The painting has an alternative name Thatched Cottages by a Hill, and it is based on scenes that Van Gogh would have seen in the last few weeks and days of his life. He wrote to his sister, Wilhelmina (affectionately known to him as Wil) about the 'superb' 'roofs of mossy thatch' which he knew he would be compelled to paint. Auvers-sur-Oise is a small commune (a French word loosely translating to a 'civil township') just outside Paris, which became affiliated with many of the French avant garde artists of the 1800s who lived, worked and recuperated in the beautiful location.
The artists all painted in very different styles: Daubigny followed the Barbizon school of beautiful realism, Cezanne's style was post-impressionist and Pissarro was still enamoured of impressionism. Van Gogh was, of course, unique and experimental, moving between the labels of post-impressionist, neo-impressionist and pointillist without ever quite satisfying the rules for any of them.
His style is often the subject of conjecture and debate amongst both artists and medical professionals, with theories abounding as to why he painted in the style he did. Lead poisoning can cause a person to see halos of light around bright objects, and lead was commonly found in household products in those days, being used for metal steins, toys, and even put into paints. This, say some theorists, could explain why Van Gogh often included nimbuses of light around objects that would not usually have them. Another theory is that Van Gogh was receiving digitalin from his doctor, to treat what is believed to have been temporal lobe epilepsy.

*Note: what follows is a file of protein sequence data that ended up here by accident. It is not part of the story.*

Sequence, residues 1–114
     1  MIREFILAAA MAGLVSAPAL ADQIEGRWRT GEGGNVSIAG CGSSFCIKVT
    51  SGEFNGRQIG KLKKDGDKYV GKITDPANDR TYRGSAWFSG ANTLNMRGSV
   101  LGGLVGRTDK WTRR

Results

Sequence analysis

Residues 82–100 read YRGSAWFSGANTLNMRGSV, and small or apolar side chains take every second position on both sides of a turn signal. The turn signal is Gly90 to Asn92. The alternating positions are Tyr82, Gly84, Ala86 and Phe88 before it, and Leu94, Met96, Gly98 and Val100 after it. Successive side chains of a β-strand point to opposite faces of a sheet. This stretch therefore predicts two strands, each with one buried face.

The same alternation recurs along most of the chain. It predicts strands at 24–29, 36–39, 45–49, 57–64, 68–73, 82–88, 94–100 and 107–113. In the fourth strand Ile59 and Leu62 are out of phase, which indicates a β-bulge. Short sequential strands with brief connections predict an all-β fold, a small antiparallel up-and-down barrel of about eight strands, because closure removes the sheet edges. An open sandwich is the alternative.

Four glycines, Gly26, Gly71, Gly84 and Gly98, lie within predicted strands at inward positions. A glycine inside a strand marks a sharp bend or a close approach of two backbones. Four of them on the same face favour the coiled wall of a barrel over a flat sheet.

Digitalin can affect the way eyes see colours, casting a yellow sheen over the world. This would go some way to explaining the prevalence of yellow in Van Gogh's older works, such as this one. It is true that the painting does have a lot of yellow under close examination: the horizon is picked out in pale yellow, the fields, house walls, gardens and the thatched roofs all have undertones of yellow. And yet, there is an impression of accuracy rather than that of a yellow filter being applied over the scene and it would be a brave critic to state that any of the yellow shading or highlighting is unnecessary.
After all this time, and with the painting apparently unfinished, it is impossible to use this work to confirm or deny the theory. At this time, towards the end of his life, Van Gogh was using, almost exclusively, canvases known as 'double squares', rectangular canvases of 50 centimetres high by one metre wide, and this painting is no exception, measuring slightly over those dimensions, by a centimetre or two. It can currently be seen hanging in the Tate Gallery in London, to which it was bequeathed in 1933 by C Frank Stoop, a Dutch born art collector.